Dyslexia

Can You Make and Run a Website If You're Dyslexic?

I was diagnosed with dyslexia in my first year of high school, which basically means that I cannot write or spell, even some of the most basic words. That, however, hasn't stopped me from starting my own website where I write (or is that type) advice and how-to guides on tech related products.

Yes, this entire website was made by somebody who has a very severe form of dyslexia that prevents me from writing or spelling words in any normal situation.

How have I managed to create a website I hear you ask? Well, thankfully modern technology is amazing and one product that has made a total difference to my life is speech recognition software, which basically allows me to talk into a microphone, and interprets my voice into words which appear on my computer screen.

Dyslexia is a learning difficulty that affects reading, writing and spelling, though thankfully creativity and intelligence isn't affected. My dyslexia particularly affects my writing and spelling, which is practically non-existent in a pen and paper situation. My reading, however, is actually very good, if not excellent, though I doubt I would be able to read an entire paragraph of a new book at a normal pace without stumbling over a few words.

Dyslexia for me is like a total mental block when it comes to spelling, and no matter how hard I tried to learn words, they just never stick, even some of the simplest 3 letter words. Dyslexia can also be very embarrassing, not just through school, but when you become an adult and get your very first job. There's been plenty of occasions where I've been asked to write certain things down only for me to turn around and say, umm, sorry I can't do that.

Just like most people with a condition or disability, I've never given in and allowed it to defeat me. From an early age, I've always been creative and found ways around the difficulties of dyslexia, but it was really when I got my very first desktop computer nearly 15 years ago that allowed me to explore my limits.

With a computer, I could at least attempt to type things down, something I could never do at school. Though sending an email to friends or family, was a difficult task, it was doable with a lot of help from a spelling book.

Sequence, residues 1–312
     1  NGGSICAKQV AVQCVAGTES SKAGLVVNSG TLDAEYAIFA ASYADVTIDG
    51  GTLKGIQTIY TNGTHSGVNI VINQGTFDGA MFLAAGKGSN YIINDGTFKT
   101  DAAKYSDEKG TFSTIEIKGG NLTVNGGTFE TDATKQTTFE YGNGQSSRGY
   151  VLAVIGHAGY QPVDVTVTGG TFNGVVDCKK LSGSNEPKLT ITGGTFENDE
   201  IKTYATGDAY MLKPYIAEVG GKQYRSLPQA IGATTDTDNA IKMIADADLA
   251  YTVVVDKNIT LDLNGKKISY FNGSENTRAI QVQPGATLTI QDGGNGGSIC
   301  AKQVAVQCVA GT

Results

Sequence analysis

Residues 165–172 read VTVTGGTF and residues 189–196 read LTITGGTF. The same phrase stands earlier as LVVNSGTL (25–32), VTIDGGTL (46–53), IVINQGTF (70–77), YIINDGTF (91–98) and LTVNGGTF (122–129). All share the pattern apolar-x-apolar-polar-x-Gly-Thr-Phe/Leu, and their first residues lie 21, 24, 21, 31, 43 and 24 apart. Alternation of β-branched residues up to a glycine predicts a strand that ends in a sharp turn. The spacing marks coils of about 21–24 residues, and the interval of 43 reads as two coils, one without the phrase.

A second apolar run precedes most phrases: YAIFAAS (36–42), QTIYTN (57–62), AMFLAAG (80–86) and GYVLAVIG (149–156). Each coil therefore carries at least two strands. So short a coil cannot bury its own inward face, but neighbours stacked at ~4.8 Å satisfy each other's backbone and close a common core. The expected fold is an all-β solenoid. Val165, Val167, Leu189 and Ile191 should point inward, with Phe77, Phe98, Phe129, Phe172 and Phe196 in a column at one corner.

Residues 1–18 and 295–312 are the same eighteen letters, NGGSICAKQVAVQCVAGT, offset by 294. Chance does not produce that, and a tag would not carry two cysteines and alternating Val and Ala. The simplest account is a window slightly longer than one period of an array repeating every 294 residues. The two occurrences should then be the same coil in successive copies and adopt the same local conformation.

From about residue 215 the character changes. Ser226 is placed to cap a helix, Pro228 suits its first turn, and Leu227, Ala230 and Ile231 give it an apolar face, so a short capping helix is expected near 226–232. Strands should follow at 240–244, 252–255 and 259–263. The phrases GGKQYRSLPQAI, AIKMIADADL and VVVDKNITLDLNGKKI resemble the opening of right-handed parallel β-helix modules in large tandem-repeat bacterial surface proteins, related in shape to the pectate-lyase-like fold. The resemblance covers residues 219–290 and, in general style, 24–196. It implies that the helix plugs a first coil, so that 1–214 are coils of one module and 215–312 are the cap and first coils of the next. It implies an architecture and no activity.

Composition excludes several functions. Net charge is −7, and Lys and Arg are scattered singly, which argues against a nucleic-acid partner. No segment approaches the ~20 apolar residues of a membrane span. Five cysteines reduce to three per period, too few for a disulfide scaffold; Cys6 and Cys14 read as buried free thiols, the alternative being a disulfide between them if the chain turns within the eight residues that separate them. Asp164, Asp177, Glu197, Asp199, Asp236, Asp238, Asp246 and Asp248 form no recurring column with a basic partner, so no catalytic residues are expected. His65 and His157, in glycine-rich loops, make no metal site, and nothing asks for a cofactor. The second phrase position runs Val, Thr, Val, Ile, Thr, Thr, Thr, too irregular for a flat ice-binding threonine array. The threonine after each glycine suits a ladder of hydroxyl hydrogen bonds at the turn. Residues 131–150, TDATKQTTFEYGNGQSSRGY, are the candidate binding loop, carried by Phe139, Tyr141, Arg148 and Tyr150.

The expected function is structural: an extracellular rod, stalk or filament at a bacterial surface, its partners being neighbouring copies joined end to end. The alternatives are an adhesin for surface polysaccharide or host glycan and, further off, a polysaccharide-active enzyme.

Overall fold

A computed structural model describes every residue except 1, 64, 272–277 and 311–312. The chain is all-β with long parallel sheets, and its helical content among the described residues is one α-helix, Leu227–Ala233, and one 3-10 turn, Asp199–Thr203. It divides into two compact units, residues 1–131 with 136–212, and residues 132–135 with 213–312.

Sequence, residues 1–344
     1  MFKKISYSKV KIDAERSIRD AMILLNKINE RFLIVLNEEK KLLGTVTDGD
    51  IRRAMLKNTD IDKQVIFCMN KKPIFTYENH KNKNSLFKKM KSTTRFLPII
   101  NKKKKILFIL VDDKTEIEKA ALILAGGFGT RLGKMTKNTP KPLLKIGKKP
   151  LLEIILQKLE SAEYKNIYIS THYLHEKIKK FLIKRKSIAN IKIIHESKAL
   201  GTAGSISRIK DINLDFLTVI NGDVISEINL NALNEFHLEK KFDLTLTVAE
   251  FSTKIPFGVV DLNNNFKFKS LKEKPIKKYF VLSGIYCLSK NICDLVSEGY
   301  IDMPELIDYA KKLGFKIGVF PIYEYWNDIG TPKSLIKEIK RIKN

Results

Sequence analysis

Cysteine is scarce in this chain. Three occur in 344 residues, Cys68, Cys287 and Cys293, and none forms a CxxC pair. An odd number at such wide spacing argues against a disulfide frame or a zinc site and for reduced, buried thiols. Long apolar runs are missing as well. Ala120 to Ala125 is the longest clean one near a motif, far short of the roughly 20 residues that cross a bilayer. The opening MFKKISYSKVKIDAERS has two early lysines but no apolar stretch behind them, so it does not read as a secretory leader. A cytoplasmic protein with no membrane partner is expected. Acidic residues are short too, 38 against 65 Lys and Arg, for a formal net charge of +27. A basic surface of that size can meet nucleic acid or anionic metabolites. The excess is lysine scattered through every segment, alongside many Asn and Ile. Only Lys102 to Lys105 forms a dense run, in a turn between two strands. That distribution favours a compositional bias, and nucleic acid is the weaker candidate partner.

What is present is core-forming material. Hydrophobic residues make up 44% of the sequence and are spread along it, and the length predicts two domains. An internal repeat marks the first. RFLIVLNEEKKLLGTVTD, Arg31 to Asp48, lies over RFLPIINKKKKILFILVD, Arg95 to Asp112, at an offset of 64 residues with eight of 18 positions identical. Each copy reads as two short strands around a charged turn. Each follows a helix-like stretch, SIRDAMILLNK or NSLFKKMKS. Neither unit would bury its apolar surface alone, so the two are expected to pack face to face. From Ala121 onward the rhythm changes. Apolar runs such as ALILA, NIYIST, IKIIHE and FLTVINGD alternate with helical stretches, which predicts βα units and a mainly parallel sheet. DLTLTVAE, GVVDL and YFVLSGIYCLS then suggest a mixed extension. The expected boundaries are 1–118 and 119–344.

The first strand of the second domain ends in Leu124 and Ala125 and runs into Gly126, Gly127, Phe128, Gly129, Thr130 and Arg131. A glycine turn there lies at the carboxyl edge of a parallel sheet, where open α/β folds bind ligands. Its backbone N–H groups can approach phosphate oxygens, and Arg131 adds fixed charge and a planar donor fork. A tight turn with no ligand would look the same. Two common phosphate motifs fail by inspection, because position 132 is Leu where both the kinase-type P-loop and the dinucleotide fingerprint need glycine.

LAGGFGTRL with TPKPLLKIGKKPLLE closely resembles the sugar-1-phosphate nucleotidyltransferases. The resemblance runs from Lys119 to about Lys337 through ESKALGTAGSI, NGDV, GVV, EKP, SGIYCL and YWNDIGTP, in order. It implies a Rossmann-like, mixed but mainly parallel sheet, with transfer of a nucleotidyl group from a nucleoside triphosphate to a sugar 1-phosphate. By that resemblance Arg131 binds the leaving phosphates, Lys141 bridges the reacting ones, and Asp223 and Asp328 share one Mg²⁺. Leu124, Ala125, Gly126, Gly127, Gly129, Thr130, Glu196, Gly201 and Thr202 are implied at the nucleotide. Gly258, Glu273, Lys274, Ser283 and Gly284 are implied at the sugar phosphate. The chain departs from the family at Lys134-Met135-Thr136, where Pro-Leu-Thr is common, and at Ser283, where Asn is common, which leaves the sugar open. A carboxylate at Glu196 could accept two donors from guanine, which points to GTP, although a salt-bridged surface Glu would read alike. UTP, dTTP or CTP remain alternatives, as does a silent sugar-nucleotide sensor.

However, it was speech recognition software that totally change things for me. In particular, Dragon Naturally Speaking. Normally it would have taken me at least 30 minutes just to write a basic email with the help of a spelling book. With speech recognition software, I could write a lengthy email in less than 10 minutes.

Speech recognition software isn't quite as easy to use as it sounds. Don't expect to install the software on your PC and start talking to your computer and watch the words appear on your screen. You'll need a decent quality microphone and you have to train the programme to recognise your voice, which can take days if not weeks.

Then there's the problem of dyslexia. Because writing even basic messages was completely foreign to me, it took a long time to understand how to properly write messages or even articles for this website. When I first started using speech recognition software, most of my time was spent on forums making small talk.

In all honesty it's taken me at least 5 or 6 years of practice until I reached the level I am today. By no means am I a perfect writer, and I'm constantly learning and improving. But considering I've gone from barely being able to write a simple email message to writing 2000 plus word articles it's something I never imagined doing in my lifetime.

So, yes, with modern technology, there is hope for those with dyslexia. It isn't easy using speech recognition software and you will have to self teach yourself over a period of many months if not years, but stick with it and you'll be writing lengthy articles in next to no time.